Over at Crooked Timber Daniel Davies poses two related questions: why is snitching universally considered wrong, and why do moral philosophers have so little to say on the topic?

A great deal of the traditional antipathy to snitching is less toward the act than the actor. The snitch is personally nearly always an unpleasant character, currying favor with the authorities, whether it’s the Mafia snitch bargaining for immunity, the institutional snitch seeking glory in the newspapers, or the fourth-grade snitch after a little gold star. Still, this is not the heart of the matter.

Snitching involves a conflict of loyalties to the abstract — an external code of morality, or an institution — and the personal — your friends, gang, colleagues, classmates. (Or, to put it another way, to the larger group and the smaller.) The weaker the commitment to the abstract norm, the stronger the taboo against snitching. It is strongest of all in criminals, who have almost no faith in the abstract code and for whom the conflict therefore scarcely exists. Only if the behavior harms the gang itself, like skimming off the proceeds, does omerta go by the boards.

By the same token, the stronger the loyalty to the smaller group, the stronger the taboo against snitching. As one of Davies’ commenters points out, it goes harder for whistleblowers in Europe, where the bureaucracy is regarded as the Godhead, than in America, which is rather less reverential.

In some special cases of snitching there is also a knowledge problem, and moral philosophers tend not to interest themselves in knowledge problems. You don’t tell your best friend’s wife that he has been cheating on her partly because no one outside has been significantly hurt — the abstract loyalty is close to nil — but mostly because you don’t know enough about the complex, imperfect structure that is their marriage to disturb it. A man’s got to know his limitations.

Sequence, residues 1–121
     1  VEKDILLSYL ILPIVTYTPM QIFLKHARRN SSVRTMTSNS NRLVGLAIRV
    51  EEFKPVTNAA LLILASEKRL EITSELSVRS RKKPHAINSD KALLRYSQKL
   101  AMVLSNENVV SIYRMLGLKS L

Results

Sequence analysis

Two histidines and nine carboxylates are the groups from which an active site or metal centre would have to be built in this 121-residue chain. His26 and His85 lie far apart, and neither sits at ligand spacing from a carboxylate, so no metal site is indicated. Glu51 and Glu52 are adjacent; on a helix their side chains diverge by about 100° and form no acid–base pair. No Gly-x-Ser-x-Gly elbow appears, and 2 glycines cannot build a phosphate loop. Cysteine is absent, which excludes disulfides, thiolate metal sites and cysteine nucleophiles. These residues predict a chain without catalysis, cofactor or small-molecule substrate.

All of this is less a topic for philosophy than literature, which has had more to say on the subject. The snitch-lit classic is Ibsen’s An Enemy of the People, an unregenerate celebration of the snitch. While in Ibsen’s play no one supports Dr. Stockmann except one friend and his family (and his wife only dubiously), in the American remake, Jaws (props to Ian Hamet for pointing this out), Mayor Vaughn, the town’s alleged representative, has the support of almost no one. America attenuates local loyalties, which attenuates the taboo against snitching.

(Note: Last paragraph rewritten, after rereading An Enemy of the People. The moral is not to discuss books you haven’t read in fifteen years.)

Aaron Haspel | Posted July 19, 2003 @ 9:49 AM | Philosophy

3 Responses to “I’m Telling on You”

  1. 1 1. Howard Owens

    I wounder if our seemingly racial-memory distaste for snitches traces back to the pre-”rule of law” days. Before the concept that no man was bigger than the law gained ground, things were more clearly about competing interests. Snitching, then, became a matter of taking sides in other people’s disputes, rather than merely ensuring the law is obeyed.

    Just a thought.


  2. 2 2. Eve Tushnet

    Surprised no mention of "On the Waterfront"…
    ELT


  3. 3 3. Aaron Haspel

    Howard: I can’t agree. I think snitching requires an organized hierarchy, which in turn requires some form of law, no matter how primitive.

    Eve: I wasn’t thinking of movies but perhaps I should have been. The Informer and The Conversation are two other classic snitch movies, and all three are far more ambivalent about snitching than An Enemy of the People is.


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